Mr Summers, a teacher at Alvin’s primary school, didn’t actually teach Alvin, but he did single him out for a particular kind of ‘game’.
‘He played this game with me where he’d chase me around the corridors of the school, corner me and tickle me all over … And I thought it was quite fun, sort of, so I didn’t report it to anybody. It was a bit of a game.’ Alvin was only 10 or 11 at the time. Summers would also take him into a corner behind the lockers, to touch his genitals and pull at his shirt.
There was a trio of teachers, Alvin recalls, who enjoyed doing this to him to varying degrees. Mr Gordon, one of his actual teachers, would touch him too, but mostly in the classroom. The third teacher was more of a distant figure for Alvin but was still involved in the abuse. On a school excursion, Summers and Gordon acted sexually with Alvin in front of another teacher who did nothing to stop them.
It was a close-knit school and these teachers were actually ‘fairly kind’. What makes Alvin angry is the fact that the headmaster did nothing to curb their behaviour. And he’s sure the headmaster was aware of it.
‘It was done in public corridors a lot of the time and there were often two or three teachers involved … and that’s the main thing that made me come along today. Because I’m just a bit angry that as the head of the junior school he was never across it.’
The abuse went on for about two years.
Alvin talked to his parents a few times about it, he can’t remember when, but they didn’t want to know. They did, however, transfer him to a different high school. Alvin did well academically and got into a high status university course. But he had trouble concentrating and dropped out in his third year.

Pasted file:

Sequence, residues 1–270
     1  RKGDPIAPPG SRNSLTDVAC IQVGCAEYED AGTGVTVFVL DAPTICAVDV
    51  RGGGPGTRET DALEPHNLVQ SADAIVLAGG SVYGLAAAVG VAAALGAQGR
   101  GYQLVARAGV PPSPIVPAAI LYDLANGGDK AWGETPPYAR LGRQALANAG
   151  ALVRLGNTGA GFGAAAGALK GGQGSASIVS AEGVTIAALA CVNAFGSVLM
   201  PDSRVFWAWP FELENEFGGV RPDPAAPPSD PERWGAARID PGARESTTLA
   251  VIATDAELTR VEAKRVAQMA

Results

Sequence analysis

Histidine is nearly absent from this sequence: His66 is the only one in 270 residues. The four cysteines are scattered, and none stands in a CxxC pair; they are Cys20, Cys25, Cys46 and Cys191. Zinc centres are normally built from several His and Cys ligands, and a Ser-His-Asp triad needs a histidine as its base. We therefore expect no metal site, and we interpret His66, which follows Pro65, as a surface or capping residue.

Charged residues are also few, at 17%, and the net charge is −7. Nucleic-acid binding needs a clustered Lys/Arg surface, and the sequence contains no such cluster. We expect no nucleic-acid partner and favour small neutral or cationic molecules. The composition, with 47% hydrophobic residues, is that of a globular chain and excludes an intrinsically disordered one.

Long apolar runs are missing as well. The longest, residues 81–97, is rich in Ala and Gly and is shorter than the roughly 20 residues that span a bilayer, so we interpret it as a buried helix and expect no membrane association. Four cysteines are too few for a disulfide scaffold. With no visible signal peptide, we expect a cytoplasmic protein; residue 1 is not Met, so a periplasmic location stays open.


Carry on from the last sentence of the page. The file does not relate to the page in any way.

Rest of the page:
In his 20s, Alvin began to suffer from anxiety and depression. He isn’t sure if that’s related to the abuse he suffered, but he certainly connects the abuse to the discomfort he feels around young boys. He gets very anxious that he’d do something inappropriate to them.
Alvin reported the abuse to the police six or seven years ago but decided not to press charges.
‘It makes me a little bit emotional thinking back to that time ... I don’t talk about it very often.’
Alvin knows there’s more awareness now of what’s right and what’s wrong but he believes that has its own dangers.
‘I am concerned that a lot of primary school teachers now feel terrified of going anywhere near the kids, especially males, and that saddens me … I don’t want male primary teachers to live in fear ... But then again you’ve got to have headmasters there who are keeping an eye on things. And that’s where I feel totally let down.’